February 24

Basic needs in the modern world: Debris company performed Hamsun’s “Hunger” at A4

Our EVS Volunteer Olha visited a Debris company play Hunger. What did she think? Read further

The main idea of the Debris company is to transform classical texts into dance performances. During the fifteen years of its existence, the team worked on complex projects like Kafka’s “Process” or Joyce’s “Ulysses”. On January 31, a performance based on the novel “Hunger” by Knut Hamsun took place in the A4 – space for contemporary culture.

Although the work is more than 130 years old, for Debris the metaphor of hunger becomes universal for any era, even today. Actors draw parallels with modernity: what does hunger have to do with social validation? Or to the female body? After all, why is the topic of satisfying basic needs even relevant in the 21st century?

The plot of the original story is about a young and principled journalist who gradually loses his mind from hunger. This profession does not bring much money by definition, and even more so for him – the main character refuses to write simple texts on simple topics. He is not interested in pleasing the masses with his articles. Thus, while remaining true to himself, he gradually loses himself. How to tell this story through movement?

The actors sometimes appear in the role of narrators, sometimes as agents, and sometimes they even symbolize circumstances. From the beginning, the center of attention is a female voice, which will guide the audience through the events during the performance. The first notes of the voice set the atmosphere of the hall – and it is pure hysteria.

This emotional condition is reflected in the environment as well. Spotlight catches characters from the dark space of the scene, detailed costumes contrast with a minimalistic and conditional setting. Pure scenography is strengthened by light projections that add a surreal feeling to the play.

The rhythm of the performance is set by the main character, who repeatedly disappears into the trapdoor between scenes. While someone in the background prepares his coffin, it looks like a rehearsal for his own funeral, a slow farewell to his body and consciousness. Giving the last of his remaining money to the beggar, the young journalist exposes his denial of reality, because they literally live on equal terms. And in the background, you can hear the clock ticking – like a countdown, where every second is every decision that pushes him to death.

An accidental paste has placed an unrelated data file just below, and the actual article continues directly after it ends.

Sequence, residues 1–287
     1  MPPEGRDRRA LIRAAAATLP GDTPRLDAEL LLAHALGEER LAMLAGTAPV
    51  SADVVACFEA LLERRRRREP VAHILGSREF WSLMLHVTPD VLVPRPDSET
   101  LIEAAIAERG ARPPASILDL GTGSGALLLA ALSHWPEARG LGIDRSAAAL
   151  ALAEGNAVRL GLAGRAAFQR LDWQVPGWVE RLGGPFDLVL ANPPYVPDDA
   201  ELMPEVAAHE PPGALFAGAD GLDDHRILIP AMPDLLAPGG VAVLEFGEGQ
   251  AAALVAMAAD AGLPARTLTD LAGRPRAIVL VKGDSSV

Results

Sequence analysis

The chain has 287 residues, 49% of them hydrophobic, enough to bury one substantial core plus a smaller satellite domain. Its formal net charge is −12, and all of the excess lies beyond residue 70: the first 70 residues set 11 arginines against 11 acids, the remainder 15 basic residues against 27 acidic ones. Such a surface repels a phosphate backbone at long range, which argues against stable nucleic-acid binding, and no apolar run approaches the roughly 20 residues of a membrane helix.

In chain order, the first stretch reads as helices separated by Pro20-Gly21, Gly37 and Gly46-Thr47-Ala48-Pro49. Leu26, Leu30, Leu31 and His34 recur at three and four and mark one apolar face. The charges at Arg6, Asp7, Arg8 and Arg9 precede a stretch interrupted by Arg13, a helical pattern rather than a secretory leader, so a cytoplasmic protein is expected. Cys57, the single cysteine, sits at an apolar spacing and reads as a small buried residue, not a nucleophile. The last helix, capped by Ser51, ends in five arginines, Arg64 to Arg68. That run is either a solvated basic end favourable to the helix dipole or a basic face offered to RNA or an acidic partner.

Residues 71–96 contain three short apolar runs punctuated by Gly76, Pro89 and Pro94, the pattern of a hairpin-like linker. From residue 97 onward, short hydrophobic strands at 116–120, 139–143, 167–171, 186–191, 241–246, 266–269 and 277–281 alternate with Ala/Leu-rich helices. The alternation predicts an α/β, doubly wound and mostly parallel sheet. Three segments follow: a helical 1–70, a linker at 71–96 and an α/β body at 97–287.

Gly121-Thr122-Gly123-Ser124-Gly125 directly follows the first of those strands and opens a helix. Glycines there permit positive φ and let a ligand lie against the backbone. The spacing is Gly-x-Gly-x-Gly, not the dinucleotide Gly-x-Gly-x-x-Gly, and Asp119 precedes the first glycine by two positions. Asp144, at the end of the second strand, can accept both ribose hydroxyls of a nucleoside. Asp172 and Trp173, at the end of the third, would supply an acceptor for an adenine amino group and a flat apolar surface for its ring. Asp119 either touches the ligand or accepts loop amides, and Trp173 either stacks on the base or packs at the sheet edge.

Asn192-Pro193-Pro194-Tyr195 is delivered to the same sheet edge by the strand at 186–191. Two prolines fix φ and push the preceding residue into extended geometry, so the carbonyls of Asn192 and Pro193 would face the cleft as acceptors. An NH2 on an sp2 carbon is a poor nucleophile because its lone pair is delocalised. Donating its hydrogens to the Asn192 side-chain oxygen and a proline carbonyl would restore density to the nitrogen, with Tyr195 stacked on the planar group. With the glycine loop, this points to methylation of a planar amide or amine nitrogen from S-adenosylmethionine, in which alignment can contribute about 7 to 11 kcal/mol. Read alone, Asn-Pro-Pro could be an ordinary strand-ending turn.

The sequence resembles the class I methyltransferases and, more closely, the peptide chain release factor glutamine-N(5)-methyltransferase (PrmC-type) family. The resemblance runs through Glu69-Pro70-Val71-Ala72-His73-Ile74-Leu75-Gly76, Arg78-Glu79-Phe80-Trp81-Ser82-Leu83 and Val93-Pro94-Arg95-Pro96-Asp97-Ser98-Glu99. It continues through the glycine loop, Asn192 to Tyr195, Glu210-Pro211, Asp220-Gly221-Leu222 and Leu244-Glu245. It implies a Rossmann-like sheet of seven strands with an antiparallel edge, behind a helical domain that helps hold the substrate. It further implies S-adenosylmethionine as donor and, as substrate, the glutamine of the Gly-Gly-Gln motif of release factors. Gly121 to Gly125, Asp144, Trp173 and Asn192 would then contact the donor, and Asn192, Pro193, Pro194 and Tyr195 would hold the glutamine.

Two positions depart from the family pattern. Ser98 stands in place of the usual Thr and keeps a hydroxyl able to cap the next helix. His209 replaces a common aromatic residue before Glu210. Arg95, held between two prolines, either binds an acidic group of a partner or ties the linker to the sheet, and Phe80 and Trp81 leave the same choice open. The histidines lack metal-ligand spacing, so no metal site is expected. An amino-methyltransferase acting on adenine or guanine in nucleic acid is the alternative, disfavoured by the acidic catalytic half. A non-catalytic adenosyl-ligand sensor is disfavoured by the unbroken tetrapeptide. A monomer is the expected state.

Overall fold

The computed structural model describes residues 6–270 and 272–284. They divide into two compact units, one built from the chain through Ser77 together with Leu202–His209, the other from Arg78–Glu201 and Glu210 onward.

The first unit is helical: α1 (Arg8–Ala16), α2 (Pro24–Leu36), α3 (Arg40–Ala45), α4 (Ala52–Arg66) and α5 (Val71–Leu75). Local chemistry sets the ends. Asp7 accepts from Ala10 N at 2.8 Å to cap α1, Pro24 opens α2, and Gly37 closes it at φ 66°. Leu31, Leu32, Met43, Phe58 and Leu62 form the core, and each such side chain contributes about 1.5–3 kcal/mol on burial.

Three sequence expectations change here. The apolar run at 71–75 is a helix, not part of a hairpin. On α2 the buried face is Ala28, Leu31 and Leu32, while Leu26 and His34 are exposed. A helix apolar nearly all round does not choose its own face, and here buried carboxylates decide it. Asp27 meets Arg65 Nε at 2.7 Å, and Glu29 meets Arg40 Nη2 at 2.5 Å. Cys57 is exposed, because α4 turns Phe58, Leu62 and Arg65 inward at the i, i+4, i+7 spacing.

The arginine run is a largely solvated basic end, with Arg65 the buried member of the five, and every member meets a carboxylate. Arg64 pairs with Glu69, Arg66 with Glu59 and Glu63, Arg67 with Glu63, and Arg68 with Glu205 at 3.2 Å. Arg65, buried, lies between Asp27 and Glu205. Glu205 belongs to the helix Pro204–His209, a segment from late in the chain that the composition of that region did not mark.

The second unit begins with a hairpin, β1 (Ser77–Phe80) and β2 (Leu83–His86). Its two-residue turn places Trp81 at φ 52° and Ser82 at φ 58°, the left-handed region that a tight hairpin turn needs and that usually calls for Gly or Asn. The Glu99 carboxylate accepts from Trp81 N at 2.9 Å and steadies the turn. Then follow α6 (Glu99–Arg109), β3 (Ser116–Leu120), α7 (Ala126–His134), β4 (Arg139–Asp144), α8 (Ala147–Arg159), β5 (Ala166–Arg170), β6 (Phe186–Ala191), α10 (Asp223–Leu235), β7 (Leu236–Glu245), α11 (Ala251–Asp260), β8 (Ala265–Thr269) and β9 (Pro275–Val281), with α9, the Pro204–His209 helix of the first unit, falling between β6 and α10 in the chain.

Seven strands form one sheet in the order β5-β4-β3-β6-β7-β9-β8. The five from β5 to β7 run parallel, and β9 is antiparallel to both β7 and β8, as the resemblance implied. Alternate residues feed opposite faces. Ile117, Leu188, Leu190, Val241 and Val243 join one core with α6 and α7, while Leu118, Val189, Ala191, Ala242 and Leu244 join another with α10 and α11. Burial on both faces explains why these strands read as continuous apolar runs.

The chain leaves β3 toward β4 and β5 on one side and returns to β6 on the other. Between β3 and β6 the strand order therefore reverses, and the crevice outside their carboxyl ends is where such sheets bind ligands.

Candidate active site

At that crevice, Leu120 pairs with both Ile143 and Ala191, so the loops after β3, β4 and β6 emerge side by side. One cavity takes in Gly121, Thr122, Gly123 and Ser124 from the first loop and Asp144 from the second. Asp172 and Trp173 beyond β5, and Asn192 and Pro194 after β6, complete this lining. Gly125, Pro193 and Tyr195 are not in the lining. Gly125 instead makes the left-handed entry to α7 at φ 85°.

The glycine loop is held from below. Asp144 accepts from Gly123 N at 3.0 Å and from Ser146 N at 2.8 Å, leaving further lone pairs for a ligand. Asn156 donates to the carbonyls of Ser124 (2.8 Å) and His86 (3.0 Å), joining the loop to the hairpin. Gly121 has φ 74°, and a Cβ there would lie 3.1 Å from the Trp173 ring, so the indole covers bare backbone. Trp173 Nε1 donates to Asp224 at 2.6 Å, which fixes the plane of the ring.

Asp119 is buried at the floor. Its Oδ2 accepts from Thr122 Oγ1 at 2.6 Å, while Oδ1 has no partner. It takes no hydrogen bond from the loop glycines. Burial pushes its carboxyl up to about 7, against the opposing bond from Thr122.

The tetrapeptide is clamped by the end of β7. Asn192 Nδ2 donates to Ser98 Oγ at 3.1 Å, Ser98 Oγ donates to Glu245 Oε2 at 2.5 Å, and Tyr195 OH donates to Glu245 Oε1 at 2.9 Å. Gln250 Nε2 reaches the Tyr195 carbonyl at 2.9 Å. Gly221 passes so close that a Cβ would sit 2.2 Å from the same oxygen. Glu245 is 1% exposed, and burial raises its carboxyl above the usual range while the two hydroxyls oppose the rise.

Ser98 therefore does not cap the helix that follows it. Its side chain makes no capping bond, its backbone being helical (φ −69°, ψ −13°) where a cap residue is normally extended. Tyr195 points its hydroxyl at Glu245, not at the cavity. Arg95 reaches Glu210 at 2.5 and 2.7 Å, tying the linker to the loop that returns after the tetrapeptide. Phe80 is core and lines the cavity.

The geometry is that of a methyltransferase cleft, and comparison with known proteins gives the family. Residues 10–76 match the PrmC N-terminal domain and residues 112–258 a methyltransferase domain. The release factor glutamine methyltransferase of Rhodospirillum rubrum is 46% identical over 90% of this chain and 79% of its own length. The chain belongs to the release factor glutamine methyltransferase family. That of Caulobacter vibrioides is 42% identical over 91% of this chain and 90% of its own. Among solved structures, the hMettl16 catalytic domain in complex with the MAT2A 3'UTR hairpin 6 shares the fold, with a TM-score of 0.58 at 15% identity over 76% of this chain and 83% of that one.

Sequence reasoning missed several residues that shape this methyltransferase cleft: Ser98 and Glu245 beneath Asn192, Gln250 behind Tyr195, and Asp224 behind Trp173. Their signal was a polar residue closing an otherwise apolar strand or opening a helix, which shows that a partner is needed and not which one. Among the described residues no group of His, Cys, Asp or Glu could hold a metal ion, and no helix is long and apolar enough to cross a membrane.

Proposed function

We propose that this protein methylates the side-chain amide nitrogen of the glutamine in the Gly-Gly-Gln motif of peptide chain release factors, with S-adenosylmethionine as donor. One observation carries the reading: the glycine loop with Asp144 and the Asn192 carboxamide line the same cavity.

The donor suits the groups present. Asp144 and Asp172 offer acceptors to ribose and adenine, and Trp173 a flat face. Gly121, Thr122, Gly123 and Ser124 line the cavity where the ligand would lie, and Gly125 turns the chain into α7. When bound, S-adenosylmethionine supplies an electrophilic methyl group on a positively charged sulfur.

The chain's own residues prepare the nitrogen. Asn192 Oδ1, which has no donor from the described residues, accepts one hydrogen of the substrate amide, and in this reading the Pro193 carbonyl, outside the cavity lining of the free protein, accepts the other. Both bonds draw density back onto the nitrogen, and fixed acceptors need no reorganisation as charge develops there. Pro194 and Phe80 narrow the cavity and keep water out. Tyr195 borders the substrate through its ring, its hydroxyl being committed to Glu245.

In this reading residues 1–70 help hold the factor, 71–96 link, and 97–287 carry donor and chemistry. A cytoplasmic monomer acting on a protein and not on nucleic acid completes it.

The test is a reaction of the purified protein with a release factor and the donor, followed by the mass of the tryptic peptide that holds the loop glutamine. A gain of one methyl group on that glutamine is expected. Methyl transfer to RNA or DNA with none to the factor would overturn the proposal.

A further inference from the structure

The main character is surrounded by strangers: an editor, a gendarme, a concierge, and a mistress. But he does not have friendly relations with any of them, the whole city is indifferent to him.

At the end of the book, the journalist becomes a cabin boy on a Russian merchant ship. Would he have written much under such circumstances? Unlikely. Now his motivation is turned inside out, and it seems that he was ready to die of hunger not for the sake of his vocation, but for the sake of the very confrontation with social norms. What, then, is the honor of the Hamsun’s character, if not in writing? It can be assumed that there is none – he is all about an extreme form of self-pity and the desire to feel superior to the “average reader” at any cost.

The end of the play is open: no ship, no coffin. But there is a monologue in Trainspotting’s Mark Renton style, which calls into question the perspective from which Hamsun wrote and directly transports us to modern times, putting an equal sign between physical hunger and hunger for sincerity and openness.

Humsun’s “Hunger” raises many questions about human nature, society and norms, and Debris company adds: is it possible to separate a genius artwork from a nazi supporter artist? But whether it is acceptable to use hunger as a metaphor at a time when for millions it is more than a real threat to life – a question both for Hamsun and Debris company.